When I was up in Philly a couple of months ago, my friend Chris led a prayer for all of the unborn children in attendance. Mine were a couple of hours away, but he let me come up anyway, and read the most beautiful and evocative and faith-filled prayer I may have ever heard. When I was thanking him for it later, I wrestled out this arresting fact: he wrote it himself. And when I asked him how?, he deferred, but mentioned a book which had been formative for him.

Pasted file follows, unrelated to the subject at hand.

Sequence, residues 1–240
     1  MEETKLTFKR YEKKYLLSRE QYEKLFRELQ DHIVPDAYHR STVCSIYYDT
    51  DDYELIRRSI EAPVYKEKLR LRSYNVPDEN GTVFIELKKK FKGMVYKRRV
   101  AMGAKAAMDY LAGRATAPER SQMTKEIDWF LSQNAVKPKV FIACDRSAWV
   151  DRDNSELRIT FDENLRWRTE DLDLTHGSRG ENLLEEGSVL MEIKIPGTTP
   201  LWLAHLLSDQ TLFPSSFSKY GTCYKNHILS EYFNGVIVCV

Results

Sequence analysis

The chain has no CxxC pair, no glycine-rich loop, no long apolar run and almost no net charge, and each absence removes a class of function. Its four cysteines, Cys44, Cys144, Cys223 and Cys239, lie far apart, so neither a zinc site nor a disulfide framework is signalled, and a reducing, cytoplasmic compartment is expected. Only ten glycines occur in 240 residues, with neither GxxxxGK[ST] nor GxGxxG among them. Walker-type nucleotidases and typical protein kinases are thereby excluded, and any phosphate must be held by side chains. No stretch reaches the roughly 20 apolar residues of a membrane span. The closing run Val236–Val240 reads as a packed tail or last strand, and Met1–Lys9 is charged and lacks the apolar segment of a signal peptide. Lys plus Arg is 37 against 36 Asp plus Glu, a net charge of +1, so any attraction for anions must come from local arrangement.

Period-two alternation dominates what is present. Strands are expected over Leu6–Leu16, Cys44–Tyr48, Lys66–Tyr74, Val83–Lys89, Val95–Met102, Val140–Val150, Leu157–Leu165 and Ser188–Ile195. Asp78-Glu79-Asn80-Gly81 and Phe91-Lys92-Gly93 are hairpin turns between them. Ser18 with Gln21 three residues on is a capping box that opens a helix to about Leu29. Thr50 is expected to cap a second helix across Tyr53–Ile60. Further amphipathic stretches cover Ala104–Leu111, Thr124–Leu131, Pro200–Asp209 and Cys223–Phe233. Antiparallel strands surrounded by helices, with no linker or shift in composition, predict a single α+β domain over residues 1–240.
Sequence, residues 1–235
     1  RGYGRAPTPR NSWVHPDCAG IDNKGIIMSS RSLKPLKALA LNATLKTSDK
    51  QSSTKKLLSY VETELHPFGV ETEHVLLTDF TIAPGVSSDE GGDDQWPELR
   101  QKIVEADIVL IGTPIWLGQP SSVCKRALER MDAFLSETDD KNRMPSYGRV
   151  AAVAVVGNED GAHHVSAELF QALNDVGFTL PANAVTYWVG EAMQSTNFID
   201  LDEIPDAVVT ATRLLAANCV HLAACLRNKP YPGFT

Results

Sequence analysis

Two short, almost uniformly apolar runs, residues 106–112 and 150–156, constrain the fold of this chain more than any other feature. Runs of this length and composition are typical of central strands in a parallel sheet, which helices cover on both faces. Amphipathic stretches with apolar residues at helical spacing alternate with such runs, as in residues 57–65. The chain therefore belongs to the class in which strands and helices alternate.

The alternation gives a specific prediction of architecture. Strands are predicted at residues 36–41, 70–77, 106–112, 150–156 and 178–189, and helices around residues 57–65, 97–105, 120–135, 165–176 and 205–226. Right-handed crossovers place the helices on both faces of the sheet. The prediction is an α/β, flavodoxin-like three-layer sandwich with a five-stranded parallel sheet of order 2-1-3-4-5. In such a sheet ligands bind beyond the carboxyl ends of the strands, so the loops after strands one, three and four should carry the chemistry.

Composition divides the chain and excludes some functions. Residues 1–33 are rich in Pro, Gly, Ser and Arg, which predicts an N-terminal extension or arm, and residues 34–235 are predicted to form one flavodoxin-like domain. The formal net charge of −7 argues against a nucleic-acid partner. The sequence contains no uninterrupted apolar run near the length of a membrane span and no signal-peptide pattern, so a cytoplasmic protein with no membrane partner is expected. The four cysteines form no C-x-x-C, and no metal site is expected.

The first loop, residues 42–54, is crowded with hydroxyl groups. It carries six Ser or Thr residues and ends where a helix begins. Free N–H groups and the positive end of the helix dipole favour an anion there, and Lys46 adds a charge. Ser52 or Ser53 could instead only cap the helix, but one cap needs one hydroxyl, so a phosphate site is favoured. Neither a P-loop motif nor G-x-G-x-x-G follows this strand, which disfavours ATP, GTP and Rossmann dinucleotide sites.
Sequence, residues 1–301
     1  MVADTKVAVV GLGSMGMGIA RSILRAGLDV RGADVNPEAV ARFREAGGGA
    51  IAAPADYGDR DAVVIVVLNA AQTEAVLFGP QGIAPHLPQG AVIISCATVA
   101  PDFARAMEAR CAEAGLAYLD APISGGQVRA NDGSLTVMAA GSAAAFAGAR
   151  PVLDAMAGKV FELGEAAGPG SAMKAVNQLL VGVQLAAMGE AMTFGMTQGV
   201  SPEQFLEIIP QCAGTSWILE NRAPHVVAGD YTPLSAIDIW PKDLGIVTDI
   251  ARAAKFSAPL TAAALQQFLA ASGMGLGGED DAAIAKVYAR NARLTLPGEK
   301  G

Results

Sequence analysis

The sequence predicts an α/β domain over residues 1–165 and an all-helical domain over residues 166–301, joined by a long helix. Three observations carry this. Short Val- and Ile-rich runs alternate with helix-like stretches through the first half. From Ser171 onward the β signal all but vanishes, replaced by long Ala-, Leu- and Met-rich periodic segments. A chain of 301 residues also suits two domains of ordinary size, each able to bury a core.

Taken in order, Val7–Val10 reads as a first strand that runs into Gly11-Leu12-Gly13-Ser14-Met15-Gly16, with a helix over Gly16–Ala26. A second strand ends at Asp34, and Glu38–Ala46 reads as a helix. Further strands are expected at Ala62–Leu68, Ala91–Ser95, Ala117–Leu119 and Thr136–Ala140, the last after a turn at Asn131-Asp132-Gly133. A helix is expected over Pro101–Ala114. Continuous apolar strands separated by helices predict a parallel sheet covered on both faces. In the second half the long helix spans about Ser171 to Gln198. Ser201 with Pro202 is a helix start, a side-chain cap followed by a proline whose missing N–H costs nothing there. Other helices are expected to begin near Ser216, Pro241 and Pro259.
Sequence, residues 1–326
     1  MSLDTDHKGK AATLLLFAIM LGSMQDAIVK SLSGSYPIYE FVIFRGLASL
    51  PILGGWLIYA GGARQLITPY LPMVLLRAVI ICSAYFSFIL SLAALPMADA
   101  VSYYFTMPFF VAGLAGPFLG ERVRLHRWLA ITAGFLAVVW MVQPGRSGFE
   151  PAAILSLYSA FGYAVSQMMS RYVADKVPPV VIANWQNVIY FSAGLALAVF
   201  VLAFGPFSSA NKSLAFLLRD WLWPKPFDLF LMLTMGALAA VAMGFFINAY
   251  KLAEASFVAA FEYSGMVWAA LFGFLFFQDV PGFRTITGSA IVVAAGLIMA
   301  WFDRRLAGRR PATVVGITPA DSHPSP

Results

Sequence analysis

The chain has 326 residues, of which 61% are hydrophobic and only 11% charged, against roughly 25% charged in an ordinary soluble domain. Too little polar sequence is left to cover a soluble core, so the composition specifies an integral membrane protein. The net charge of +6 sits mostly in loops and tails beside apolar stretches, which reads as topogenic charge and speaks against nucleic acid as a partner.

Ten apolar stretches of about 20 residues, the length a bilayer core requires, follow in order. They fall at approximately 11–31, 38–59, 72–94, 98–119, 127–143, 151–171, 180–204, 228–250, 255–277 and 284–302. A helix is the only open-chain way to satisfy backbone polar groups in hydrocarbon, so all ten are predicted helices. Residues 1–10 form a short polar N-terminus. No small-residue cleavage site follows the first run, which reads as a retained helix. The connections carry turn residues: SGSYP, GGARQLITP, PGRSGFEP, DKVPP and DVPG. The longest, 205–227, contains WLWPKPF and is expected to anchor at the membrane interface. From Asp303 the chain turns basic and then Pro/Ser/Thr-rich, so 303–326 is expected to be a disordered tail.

Nicholas Wolterstorff’s Lament for a Son is a thin book with a lot of weight. It recounts the swirling thoughts of the first year after a fateful phone call telling him that his twenty-five-year-old son had died in a mountaineering accident. In this bloggish account, we see the author trying to find some solid ground between the polar ideas that God causes such things, or that he is powerless to stop them. In the middle, he explores the idea that God suffers—that he endures our grief with us, and takes it on himself, and carries it upon his considerable shoulders.